In African American Medicine in Washington, D.C: Healing the Capital During the Civil War Era, Heather Butts ’94 chronicles the largely unsung service of African American health care workers during the Civil War.
Obtaining health care training was a difficult task for African Americans. Alexander Augusta learned to read in secret and had to leave the United States to study at a medical school in Canada, Butts writes. Augusta wrote to President Abraham Lincoln and the secretary of war, seeking an appointment as a physician in an African American regiment, and eventually was appointed surgeon of the United States Colored Troops. But even as he provided care for soldiers, Augusta faced racism. While traveling from the D.C. area to Philadelphia, he was surrounded by an angry mob that threatened his life.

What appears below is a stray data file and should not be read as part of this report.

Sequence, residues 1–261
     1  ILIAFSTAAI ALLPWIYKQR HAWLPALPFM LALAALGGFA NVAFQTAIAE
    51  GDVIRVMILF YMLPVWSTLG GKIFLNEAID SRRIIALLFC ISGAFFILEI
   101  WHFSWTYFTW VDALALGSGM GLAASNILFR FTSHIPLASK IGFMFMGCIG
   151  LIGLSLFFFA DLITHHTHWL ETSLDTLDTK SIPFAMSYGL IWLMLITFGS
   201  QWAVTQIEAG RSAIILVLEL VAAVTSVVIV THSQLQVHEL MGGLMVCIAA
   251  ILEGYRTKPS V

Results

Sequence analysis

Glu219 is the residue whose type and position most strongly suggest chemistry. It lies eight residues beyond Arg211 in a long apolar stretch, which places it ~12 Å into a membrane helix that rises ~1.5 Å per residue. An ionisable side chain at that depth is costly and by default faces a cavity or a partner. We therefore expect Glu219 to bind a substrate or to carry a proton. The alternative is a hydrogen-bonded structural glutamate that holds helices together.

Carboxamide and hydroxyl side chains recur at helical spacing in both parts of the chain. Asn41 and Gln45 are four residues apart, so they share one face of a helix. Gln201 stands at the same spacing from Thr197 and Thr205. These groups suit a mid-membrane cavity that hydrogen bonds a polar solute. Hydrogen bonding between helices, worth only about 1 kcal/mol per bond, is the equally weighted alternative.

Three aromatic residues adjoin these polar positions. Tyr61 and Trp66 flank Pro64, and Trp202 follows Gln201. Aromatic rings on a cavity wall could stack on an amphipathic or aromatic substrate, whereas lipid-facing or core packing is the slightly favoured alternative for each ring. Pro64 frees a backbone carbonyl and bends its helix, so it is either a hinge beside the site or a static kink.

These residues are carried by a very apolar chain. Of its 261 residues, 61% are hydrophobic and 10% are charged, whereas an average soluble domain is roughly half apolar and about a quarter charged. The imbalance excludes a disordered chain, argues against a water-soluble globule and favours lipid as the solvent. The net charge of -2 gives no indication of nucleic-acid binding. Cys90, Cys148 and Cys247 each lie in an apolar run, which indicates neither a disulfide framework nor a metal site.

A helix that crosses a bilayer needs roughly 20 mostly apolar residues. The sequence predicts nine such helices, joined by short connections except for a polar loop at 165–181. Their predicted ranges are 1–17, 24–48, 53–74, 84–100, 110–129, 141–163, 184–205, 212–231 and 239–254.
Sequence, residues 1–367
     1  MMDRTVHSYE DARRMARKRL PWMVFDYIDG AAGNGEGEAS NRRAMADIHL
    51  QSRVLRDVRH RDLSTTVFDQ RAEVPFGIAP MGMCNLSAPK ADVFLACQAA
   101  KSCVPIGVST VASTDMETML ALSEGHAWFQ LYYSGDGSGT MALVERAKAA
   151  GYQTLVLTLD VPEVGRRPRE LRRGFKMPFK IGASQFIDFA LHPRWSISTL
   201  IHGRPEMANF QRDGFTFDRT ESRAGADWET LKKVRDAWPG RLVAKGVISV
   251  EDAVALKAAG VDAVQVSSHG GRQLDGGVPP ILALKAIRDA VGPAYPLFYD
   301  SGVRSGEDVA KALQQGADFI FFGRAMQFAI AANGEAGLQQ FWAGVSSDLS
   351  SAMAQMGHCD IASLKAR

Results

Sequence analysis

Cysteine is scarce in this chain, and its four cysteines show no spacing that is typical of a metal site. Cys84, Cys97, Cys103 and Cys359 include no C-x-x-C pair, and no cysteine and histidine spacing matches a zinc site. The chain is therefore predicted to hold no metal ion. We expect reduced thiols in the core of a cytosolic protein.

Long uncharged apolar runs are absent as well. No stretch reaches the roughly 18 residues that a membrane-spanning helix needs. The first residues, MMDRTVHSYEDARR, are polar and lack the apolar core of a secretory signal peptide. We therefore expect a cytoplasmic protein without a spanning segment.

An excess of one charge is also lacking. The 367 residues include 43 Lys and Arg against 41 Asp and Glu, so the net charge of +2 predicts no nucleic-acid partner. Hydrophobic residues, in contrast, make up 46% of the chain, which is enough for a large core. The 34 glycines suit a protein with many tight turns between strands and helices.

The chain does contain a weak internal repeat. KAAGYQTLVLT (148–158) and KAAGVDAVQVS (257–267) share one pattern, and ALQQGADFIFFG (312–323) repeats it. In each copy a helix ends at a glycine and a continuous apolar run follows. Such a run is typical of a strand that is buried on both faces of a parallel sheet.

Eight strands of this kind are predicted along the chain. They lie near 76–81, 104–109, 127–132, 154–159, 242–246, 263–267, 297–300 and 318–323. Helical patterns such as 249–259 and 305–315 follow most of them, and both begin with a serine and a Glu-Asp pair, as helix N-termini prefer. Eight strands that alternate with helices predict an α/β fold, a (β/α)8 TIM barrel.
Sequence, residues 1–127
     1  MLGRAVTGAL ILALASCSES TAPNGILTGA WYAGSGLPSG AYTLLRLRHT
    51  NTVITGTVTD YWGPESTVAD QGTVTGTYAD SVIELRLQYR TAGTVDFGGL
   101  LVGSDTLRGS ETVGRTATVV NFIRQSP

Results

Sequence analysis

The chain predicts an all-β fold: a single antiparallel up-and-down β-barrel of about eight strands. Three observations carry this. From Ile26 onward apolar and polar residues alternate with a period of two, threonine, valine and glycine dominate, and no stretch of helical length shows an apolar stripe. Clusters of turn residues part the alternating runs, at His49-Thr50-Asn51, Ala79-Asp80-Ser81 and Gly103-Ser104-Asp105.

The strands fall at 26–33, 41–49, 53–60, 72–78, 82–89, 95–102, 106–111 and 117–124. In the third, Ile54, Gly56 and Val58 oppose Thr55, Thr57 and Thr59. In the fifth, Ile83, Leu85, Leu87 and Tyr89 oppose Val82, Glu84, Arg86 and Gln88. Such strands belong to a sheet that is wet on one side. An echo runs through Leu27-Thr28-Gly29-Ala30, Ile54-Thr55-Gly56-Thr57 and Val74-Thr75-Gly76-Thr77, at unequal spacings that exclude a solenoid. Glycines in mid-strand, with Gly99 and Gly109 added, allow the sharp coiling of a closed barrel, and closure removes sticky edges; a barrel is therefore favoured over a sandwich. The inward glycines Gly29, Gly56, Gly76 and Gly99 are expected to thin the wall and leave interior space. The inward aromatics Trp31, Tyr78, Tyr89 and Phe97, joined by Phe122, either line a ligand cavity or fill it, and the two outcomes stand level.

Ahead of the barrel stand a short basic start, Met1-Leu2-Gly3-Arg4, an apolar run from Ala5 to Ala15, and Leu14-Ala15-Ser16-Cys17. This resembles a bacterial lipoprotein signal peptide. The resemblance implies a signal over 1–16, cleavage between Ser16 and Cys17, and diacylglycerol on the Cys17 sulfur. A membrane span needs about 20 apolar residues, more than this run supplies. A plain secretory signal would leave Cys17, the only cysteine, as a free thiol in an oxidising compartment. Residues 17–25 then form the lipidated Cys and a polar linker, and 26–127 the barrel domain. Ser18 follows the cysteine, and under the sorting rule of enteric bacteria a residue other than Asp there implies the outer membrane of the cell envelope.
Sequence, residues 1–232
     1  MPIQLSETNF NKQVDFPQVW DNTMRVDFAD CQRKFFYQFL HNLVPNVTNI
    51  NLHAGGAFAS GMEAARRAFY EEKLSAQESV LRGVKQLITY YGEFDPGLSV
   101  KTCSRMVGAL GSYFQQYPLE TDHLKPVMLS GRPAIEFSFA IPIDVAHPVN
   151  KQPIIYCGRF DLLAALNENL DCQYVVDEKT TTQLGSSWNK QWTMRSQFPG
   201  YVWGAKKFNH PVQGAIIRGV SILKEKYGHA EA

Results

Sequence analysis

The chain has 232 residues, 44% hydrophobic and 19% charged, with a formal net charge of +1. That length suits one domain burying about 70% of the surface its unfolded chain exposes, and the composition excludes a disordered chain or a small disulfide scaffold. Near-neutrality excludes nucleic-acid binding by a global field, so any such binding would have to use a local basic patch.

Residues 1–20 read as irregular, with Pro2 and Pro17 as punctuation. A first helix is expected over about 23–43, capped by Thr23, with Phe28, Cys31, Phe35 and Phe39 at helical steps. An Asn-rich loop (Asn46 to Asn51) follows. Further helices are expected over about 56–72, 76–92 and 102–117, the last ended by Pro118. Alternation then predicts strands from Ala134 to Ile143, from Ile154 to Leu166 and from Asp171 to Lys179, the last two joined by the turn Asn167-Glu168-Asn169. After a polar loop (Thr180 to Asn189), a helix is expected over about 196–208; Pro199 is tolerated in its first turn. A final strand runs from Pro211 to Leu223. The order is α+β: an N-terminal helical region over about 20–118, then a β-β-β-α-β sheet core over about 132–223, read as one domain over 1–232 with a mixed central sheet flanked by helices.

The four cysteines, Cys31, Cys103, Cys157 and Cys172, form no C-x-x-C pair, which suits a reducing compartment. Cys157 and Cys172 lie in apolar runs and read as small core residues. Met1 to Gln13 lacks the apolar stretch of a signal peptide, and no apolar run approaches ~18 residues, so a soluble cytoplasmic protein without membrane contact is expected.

Butts, who teaches bioethics and public health law at Columbia University’s Mailman School of Public Health, tells the stories of more than a dozen African American health care workers in the book, which is illustrated with black and white photos from the period.
After the war, many of the workers continued to contribute their services in the medical field. Augusta went on to work in the medical department of Howard University, where he was the first African American to be offered a teaching position at a medical school in the country.